Pregnant employees are entitled to certain rights under a federal law called the Pregnancy Discrimination Act. This law can sometimes be confusing. Recently, the federal Equal Employment Opportunity Commission issued guidelines designed to clarify how the law applies to workers and employers.
Here are some highlights:
- The law prohibits discrimination against workers who are pregnant, but it also prohibits discrimination against workers based on their having been pregnant in the past or their possibly becoming pregnant in the future. Among other things, this means that it might be illegal for a business to ask questions of a job candidate designed to probe whether the candidate has children or plans to have children in the future.
- A business cannot force a worker to take leave just because she is pregnant. A business can force a pregnant worker to take leave only if the pregnancy makes her unable to do her job.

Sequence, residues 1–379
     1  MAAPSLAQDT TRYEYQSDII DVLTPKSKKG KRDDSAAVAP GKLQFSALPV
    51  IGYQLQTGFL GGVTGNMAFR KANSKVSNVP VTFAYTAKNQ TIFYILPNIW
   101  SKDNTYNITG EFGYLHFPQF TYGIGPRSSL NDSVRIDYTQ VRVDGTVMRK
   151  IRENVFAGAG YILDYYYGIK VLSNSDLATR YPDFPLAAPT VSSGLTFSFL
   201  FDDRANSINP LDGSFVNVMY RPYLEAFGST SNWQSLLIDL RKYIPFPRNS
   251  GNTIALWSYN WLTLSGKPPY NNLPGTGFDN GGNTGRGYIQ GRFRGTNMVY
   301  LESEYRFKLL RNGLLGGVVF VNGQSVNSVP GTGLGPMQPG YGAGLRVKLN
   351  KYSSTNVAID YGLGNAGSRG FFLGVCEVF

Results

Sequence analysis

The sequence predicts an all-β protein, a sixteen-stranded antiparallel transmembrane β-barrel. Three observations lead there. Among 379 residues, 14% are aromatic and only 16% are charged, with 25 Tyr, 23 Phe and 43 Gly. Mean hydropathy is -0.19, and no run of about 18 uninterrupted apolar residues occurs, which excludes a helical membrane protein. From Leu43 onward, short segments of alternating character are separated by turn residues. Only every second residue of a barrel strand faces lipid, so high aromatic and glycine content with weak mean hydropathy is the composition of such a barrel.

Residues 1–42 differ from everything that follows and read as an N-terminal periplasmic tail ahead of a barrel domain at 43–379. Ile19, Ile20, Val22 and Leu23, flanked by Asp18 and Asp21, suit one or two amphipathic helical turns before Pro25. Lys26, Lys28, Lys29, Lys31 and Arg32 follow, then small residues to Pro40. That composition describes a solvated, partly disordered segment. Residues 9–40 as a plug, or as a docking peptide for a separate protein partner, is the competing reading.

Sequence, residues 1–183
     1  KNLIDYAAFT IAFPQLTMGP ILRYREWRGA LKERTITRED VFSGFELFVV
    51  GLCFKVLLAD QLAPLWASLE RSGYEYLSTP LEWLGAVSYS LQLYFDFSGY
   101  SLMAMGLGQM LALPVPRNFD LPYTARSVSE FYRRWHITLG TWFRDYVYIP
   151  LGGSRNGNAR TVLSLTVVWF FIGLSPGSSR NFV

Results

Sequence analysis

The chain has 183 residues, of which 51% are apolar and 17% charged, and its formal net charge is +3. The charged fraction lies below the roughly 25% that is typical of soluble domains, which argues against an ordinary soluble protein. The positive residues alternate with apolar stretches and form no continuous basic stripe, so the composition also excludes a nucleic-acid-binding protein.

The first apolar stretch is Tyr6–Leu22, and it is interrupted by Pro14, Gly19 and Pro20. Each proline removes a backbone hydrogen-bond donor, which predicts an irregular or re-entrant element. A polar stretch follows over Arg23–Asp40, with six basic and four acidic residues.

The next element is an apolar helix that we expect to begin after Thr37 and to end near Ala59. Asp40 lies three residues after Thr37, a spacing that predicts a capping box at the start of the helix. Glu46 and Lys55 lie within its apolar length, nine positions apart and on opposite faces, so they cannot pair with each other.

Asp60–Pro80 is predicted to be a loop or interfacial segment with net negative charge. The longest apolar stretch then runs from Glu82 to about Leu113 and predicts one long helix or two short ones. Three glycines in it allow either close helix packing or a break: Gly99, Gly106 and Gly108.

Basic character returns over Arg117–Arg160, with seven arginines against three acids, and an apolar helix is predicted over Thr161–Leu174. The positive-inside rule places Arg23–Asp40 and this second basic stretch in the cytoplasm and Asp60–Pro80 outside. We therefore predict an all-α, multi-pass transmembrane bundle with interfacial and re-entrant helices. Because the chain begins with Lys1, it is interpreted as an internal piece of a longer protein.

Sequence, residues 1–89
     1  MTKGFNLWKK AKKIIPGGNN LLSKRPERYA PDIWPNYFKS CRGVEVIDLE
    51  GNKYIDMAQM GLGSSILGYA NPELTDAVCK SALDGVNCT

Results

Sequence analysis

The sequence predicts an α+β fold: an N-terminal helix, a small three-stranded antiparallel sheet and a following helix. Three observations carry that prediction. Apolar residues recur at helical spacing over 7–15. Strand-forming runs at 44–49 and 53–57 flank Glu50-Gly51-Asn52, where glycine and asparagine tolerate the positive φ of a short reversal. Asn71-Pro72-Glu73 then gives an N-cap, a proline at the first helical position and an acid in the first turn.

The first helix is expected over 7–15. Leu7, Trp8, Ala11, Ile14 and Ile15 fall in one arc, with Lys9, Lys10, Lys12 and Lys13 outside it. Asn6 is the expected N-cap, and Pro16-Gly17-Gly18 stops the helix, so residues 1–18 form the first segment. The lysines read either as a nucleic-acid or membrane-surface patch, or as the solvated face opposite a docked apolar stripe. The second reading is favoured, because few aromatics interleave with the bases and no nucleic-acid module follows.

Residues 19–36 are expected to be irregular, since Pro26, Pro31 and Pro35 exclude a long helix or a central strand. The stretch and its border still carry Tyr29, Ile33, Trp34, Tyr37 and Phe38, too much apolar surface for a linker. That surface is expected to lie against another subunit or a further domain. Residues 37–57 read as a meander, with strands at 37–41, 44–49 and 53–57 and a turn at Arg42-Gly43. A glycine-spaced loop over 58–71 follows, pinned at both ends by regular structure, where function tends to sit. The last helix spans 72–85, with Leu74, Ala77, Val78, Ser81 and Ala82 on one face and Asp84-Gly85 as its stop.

- Only women can take leave for pregnancy, childbirth or related medical conditions. However, if an employee offers parental leave to women after childbirth, it must also offer parental leave to men on the same terms.
- An employer has to treat a pregnant employee who is temporarily unable to do her job the same way it would treat a non-pregnant employee who was temporarily unable to do a job. This means that if other employees would be given a temporary light-duty assignment (say, as a result of an on-the-job injury), then similar accommodations must be made for pregnant employees.